… the distinction must be underlined between the ends that properly inform political education and the extent to which we should tolerate deviations from those ends in a world where reasonable and unreasonable pluralism are entangled and the moral costs of coercion against the unreasonable variety are often prohibitive. Our theoretical as well as our commonsense discourse do not always respect the distinction…. If some of the teachings of the Roman Catholic Church conflict with our best theory of the ends of civic education, it does not follow that we have any reason to revise our theory; but neither does it mean we have any reason to impose these ends on Catholic schools and the families that they serve. (Callan 1997, 44)
Callan and White (2003) have offered an explanation of why the topics described above have become such a focus of attention. “What has been happening in philosophy of education in recent years”, they argue, mirrors “a wider self-examination in liberal societies themselves”. World events, from the fall of communism to the spread of ethnic conflicts “have all heightened consciousness of the contingency of liberal politics”. A body of work in philosophy, from the early Rawls on, has systematically examined (and critiqued) the foundations of liberalism, and philosophy of education has been drawn into the debates. Callan and White mention communitarianism as offering perhaps “the most influential challenge” to liberalism, and they write:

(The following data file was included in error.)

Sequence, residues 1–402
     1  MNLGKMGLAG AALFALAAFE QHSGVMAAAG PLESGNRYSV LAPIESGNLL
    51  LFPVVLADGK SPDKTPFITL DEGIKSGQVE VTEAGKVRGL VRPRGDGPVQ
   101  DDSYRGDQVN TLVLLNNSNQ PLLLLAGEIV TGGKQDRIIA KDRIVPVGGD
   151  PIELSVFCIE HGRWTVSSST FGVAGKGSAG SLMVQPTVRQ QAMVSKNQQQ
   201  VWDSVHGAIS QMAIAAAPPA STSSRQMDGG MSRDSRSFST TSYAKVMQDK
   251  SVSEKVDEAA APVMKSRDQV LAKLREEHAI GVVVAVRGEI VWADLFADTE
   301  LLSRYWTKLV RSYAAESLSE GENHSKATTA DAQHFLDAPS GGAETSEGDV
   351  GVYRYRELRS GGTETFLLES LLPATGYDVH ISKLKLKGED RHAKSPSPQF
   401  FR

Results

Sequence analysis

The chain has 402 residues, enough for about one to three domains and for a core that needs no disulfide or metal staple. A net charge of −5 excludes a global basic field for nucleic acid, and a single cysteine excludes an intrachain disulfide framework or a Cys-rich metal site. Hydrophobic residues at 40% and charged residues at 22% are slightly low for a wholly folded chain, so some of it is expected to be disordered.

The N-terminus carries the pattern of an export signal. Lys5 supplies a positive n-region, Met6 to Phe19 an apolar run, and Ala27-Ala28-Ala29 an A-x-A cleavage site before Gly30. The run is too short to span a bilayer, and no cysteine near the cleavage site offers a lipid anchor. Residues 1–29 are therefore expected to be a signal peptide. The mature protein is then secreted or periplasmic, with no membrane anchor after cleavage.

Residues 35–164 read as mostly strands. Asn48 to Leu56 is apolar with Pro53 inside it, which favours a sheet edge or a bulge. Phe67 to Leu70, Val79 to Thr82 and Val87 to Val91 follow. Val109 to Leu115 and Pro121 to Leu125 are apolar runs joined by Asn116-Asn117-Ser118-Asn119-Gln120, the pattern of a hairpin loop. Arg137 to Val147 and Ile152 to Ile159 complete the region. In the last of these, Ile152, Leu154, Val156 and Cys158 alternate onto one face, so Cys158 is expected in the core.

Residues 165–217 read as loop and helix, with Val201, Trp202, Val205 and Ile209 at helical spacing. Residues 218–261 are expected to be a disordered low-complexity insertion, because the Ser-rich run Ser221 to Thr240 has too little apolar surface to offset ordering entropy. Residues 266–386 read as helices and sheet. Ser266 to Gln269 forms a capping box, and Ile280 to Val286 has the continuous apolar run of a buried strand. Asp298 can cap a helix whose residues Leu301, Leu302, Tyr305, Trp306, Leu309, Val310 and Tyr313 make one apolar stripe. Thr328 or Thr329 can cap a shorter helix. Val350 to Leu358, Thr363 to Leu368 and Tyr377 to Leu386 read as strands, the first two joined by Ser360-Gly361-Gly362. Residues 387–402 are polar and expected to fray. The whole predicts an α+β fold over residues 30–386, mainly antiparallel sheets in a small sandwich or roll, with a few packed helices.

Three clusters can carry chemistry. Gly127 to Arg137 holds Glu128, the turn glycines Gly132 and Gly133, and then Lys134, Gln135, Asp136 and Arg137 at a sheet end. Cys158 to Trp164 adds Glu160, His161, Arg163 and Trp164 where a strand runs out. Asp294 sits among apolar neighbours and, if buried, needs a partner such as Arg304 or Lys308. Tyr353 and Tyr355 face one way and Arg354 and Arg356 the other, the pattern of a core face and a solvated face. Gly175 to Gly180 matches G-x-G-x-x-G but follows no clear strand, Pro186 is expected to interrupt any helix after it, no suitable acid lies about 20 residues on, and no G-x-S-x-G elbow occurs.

The debate between liberals and communitarians is far more than a theoretical diversion for philosophers and political scientists. At stake are rival understandings of what makes human lives and the societies in which they unfold both good and just, and derivatively, competing conceptions of the education needed for individual and social betterment. (Callan and White 2003, 95–96)